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A growing number of studies demonstrate high rates of subthreshold psychotic experiences, but there is considerable heterogeneity in rates due to study cohort and design factors, obscuring how prevalent psychotic experiences may or may not relate to rare psychotic disorders. In a representative general population sample (n = 4011) in Izmir, Turkey, the full spectrum of expression of psychosis was categorized across 5 groups representing (1) absence of psychosis, (2) subclinical psychotic experiences, (3) low-impact psychotic symptoms, (4) high-impact psychotic symptoms, and (5) full-blown clinical psychotic disorder and analyzed for continuity and discontinuity in relation to (1) other symptom dimensions associated with psychotic disorder and (2) proxies of genetic and nongenetic etiology. Results were tested for linear and extralinear contrasts between clinical and nonclinical and between disorder and nondisorder expression of psychosis. Demographic variables, indexing premorbid social adjustment and socioeconomic status, impacted mostly linearly; proxy variables of genetic loading (more or more severely affected relatives) impacted in a positive extralinear fashion; environmental risk factors sometimes impacted linearly (urbanicity and childhood adversity) and sometimes extralinearly (cannabis), occasioning a disproportional shift in risk at the clinical disorder end of the spectrum. Affective symptoms were associated with a disproportionally higher risk below the disorder threshold, whereas a disproportionally higher risk above the threshold was associated with psychotic symptom load, negative symptoms, disorganization, and visible signs of mental illness. Liability associated with respectively affective and nonaffective symptom domains, in interaction with environmental risks, may operate by impacting differentially over a quasi-continuous extended psychosis phenotype in the population.
A large and growing number of studies have examined subthreshold expressions of the positive symptoms of psychosis in the general population and established that there is a degree of demographic (sharing the same age-related expression), etiological (sharing family history of psychotic disorder and environmental risk factors, such as cannabis, minority group position, childhood adversity, and urbanicity), psychopathological (associations with negative symptoms and cognitive alterations), and, arguably most importantly, longitudinal continuity predictive of clinical outcome (reviews by1–3).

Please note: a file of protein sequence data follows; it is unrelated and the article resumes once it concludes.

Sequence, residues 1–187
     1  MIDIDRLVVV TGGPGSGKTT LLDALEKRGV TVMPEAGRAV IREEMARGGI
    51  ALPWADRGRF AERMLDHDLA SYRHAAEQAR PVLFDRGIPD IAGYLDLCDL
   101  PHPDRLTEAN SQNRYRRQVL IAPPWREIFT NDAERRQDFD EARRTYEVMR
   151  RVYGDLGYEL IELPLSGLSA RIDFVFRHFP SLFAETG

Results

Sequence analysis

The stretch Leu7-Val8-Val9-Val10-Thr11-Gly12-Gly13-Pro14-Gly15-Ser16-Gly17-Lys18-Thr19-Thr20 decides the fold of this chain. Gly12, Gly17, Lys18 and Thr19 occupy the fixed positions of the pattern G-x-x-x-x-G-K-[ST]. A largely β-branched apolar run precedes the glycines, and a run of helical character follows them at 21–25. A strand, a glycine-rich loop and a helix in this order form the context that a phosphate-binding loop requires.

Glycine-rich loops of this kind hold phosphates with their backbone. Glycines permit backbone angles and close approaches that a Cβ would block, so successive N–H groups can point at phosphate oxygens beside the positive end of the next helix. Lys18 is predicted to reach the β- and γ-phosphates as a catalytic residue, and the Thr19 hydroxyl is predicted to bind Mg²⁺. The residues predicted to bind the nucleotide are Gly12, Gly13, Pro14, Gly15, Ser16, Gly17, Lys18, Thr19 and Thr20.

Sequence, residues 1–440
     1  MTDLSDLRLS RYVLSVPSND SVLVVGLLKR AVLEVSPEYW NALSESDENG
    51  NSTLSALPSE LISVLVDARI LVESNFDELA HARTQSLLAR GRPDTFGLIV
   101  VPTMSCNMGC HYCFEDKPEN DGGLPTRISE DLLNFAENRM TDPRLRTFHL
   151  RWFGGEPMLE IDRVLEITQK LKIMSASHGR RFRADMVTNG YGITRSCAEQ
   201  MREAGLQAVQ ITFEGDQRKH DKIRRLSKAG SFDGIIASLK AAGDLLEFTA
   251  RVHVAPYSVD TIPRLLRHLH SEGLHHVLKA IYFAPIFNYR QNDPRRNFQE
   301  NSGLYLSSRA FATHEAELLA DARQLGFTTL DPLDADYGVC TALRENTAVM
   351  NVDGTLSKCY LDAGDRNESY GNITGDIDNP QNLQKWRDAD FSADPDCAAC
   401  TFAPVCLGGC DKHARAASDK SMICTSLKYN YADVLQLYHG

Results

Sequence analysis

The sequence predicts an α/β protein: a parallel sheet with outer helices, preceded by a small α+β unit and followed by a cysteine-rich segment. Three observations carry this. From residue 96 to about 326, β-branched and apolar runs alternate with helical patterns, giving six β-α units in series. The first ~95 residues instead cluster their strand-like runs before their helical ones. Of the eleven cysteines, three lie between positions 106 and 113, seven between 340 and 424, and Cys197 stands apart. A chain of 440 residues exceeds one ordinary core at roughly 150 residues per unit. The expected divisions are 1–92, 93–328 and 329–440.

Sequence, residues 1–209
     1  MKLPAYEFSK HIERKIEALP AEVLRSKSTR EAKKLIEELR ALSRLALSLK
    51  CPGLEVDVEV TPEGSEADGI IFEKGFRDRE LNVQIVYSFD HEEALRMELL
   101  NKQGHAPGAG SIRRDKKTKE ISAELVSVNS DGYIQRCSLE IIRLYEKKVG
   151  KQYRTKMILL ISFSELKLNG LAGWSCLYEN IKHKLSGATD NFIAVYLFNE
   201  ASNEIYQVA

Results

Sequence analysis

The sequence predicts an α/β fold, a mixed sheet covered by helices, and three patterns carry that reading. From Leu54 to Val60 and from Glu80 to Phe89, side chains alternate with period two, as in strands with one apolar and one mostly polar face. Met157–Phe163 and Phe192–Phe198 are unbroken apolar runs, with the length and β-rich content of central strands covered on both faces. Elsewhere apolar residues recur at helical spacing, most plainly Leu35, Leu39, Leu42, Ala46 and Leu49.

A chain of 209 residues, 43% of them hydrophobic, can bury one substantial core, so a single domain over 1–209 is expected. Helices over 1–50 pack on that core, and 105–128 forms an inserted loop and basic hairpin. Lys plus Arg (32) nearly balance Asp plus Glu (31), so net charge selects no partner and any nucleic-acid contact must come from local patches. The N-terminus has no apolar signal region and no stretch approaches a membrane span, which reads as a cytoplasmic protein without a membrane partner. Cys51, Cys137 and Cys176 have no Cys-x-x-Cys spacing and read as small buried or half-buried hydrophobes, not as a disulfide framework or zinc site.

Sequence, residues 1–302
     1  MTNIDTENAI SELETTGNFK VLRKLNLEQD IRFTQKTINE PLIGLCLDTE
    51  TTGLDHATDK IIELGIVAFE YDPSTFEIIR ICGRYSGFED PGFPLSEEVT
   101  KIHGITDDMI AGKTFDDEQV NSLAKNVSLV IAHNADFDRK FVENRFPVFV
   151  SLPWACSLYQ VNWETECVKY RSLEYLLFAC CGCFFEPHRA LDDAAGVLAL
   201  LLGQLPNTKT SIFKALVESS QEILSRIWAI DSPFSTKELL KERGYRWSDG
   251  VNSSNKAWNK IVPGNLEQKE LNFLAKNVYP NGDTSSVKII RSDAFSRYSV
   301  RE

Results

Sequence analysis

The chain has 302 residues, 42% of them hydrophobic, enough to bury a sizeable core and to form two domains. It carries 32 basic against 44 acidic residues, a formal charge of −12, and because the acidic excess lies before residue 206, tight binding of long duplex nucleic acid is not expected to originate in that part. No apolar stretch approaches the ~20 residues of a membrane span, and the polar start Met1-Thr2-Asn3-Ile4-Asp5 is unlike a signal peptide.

However, despite the large number of studies, research on psychotic experiences in the general population remains in its early stages, given that a recent meta-analysis showed that half of the heterogeneity in rates of subclinical psychotic experiences across studies is due to study cohort and design factors.3 Furthermore, systematic review of the literature shows that there is evidence not only for a psychometric ‘continuum’ (in the sense of an extended psychosis phenotype blending gradually into clinical syndromes)1 but also for an underlying latent categorical structure of the population (in the sense that regardless of the presence of a psychometric continuum, the population may still be composed of 2 different types of people).3
Therefore, several issues relating to the ‘extended psychosis phenotype4’ are in urgent need of further inquiry:
In the current study, therefore, an attempt was made to capture, in an epidemiological sample, the full range of expression of psychosis and order them according to severity and impact, so as to be able to describe the full spectrum. This allowed us to test directly to what degree associations between the different levels of the psychosis spectrum on the one hand and etiological, psychopathological, and demographic variables on the other were characterized by either graded linear or more discontinuous extralinear relationships. All deviation from linearity was tested on the same additive scale for both continuous and binary variables.